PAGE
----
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Estimation of sons' intergenerational earnings mobility in the presence of censoring

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  • Alexandra L. Minicozzi

    (Department of Economics, University of Texas at Austin, Austin, TX 78705, USA)

Abstract

Based on intergenerational data from the Panel Study of Income Dynamics, I provide estimates of income mobility across generations for men. Special attention is paid to issues of censoring caused by a son's unemployment. Employing non-parametric bounds estimates, I illustrate that previous income mobility estimates rely heavily on (unjustified) assumptions of exogenous selection. Assuming a son's potential income is instead a function of his reason for unemployment and work history, I re-estimate mobility. Allowing for sampling variability, the range of feasible slopes consistent with these modified bounds restrictions is 0.27 to 0.55. Copyright © 2002 John Wiley & Sons, Ltd.

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File URL: http://hdl.handle.net/10.1002/jae.682
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File URL: http://qed.econ.queensu.ca:80/jae/2003-v18.3/
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Bibliographic Info

Article provided by John Wiley & Sons, Ltd. in its journal Journal of Applied Econometrics.

Volume (Year): 18 (2003)
Issue (Month): 3 ()
Pages: 291-314

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Handle: RePEc:jae:japmet:v:18:y:2003:i:3:p:291-314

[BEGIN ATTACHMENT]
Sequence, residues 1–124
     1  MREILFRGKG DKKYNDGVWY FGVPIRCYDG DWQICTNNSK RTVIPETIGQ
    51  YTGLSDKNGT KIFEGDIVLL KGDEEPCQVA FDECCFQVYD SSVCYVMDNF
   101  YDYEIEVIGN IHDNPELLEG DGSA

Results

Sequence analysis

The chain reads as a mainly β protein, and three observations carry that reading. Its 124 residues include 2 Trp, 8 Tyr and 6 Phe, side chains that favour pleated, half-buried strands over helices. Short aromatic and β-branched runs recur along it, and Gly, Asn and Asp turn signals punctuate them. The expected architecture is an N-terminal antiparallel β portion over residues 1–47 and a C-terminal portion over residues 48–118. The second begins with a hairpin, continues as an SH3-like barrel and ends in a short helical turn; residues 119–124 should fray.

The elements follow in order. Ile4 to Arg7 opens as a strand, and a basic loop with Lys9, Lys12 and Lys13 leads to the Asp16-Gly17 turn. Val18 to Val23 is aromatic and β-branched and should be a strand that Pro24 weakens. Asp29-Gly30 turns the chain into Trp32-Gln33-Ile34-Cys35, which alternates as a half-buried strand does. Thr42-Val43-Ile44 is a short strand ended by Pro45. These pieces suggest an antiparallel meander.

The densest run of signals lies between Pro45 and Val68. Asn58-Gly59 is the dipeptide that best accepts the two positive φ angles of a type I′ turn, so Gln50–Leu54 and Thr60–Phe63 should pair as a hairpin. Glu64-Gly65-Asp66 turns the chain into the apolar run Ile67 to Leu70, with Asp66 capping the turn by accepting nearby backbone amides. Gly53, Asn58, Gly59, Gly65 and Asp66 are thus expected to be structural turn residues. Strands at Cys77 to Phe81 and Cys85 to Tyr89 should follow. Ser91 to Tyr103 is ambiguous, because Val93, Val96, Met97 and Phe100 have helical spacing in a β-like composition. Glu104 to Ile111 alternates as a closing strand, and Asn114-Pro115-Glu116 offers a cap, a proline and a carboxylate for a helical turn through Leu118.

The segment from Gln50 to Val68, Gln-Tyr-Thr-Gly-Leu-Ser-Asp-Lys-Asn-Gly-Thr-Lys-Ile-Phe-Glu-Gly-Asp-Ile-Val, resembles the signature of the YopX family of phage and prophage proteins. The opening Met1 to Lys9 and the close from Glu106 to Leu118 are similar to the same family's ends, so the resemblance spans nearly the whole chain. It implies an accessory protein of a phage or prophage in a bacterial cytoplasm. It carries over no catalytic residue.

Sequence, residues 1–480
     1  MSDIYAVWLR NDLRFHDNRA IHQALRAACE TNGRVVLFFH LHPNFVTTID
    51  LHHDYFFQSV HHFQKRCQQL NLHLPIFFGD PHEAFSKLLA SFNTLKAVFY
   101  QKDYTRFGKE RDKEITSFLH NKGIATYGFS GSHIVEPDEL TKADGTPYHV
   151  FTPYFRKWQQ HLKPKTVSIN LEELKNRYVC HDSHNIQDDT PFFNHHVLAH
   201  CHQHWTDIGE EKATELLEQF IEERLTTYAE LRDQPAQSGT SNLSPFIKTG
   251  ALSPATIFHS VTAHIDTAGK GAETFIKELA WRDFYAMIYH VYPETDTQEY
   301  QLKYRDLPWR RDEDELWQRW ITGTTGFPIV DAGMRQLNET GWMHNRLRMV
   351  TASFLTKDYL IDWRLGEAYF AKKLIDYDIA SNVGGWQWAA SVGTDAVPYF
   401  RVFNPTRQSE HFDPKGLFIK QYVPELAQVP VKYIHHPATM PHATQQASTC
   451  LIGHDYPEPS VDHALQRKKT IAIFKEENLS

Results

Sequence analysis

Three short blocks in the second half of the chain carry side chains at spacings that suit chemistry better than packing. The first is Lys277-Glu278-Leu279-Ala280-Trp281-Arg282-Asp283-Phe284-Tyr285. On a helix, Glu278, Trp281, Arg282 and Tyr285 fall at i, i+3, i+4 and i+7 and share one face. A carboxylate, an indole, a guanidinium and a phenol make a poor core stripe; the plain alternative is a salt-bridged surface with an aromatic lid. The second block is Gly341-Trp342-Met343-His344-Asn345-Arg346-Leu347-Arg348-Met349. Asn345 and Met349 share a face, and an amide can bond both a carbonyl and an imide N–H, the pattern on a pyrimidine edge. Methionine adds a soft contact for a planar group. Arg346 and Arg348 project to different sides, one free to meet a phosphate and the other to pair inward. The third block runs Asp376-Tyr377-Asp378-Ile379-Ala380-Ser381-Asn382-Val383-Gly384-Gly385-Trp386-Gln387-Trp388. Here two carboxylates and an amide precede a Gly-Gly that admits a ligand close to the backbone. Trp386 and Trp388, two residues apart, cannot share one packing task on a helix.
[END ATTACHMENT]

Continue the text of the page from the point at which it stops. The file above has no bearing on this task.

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References

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  1. Solon, Gary, 1999. "Intergenerational mobility in the labor market," Handbook of Labor Economics, in: O. Ashenfelter & D. Card (ed.), Handbook of Labor Economics, edition 1, volume 3, chapter 29, pages 1761-1800 Elsevier.
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  5. Zimmerman, David J, 1992. "Regression toward Mediocrity in Economic Stature," American Economic Review, American Economic Association, vol. 82(3), pages 409-29, June.
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  7. Yoram Ben-Porath, 1967. "The Production of Human Capital and the Life Cycle of Earnings," Journal of Political Economy, University of Chicago Press, vol. 75, pages 352.
  8. Becker, Gary S & Tomes, Nigel, 1979. "An Equilibrium Theory of the Distribution of Income and Intergenerational Mobility," Journal of Political Economy, University of Chicago Press, vol. 87(6), pages 1153-89, December.
  9. Sean Becketti & William Gould & Lee Lillard & Finis Welch, 1985. "The Panel Study of Income Dynamics After Fourteen Years: An Evaluation," UCLA Economics Working Papers 361, UCLA Department of Economics.
  10. Couch, Kenneth A. & Lillard, Dean R., 1998. "Sample selection rules and the intergenerational correlation of earnings," Labour Economics, Elsevier, vol. 5(3), pages 313-329, September.
  11. Durlauf, Steven N, 1996. " A Theory of Persistent Income Inequality," Journal of Economic Growth, Springer, vol. 1(1), pages 75-93, March.
  12. Hardle, Wolfgang & Linton, Oliver, 1986. "Applied nonparametric methods," Handbook of Econometrics, in: R. F. Engle & D. McFadden (ed.), Handbook of Econometrics, edition 1, volume 4, chapter 38, pages 2295-2339 Elsevier.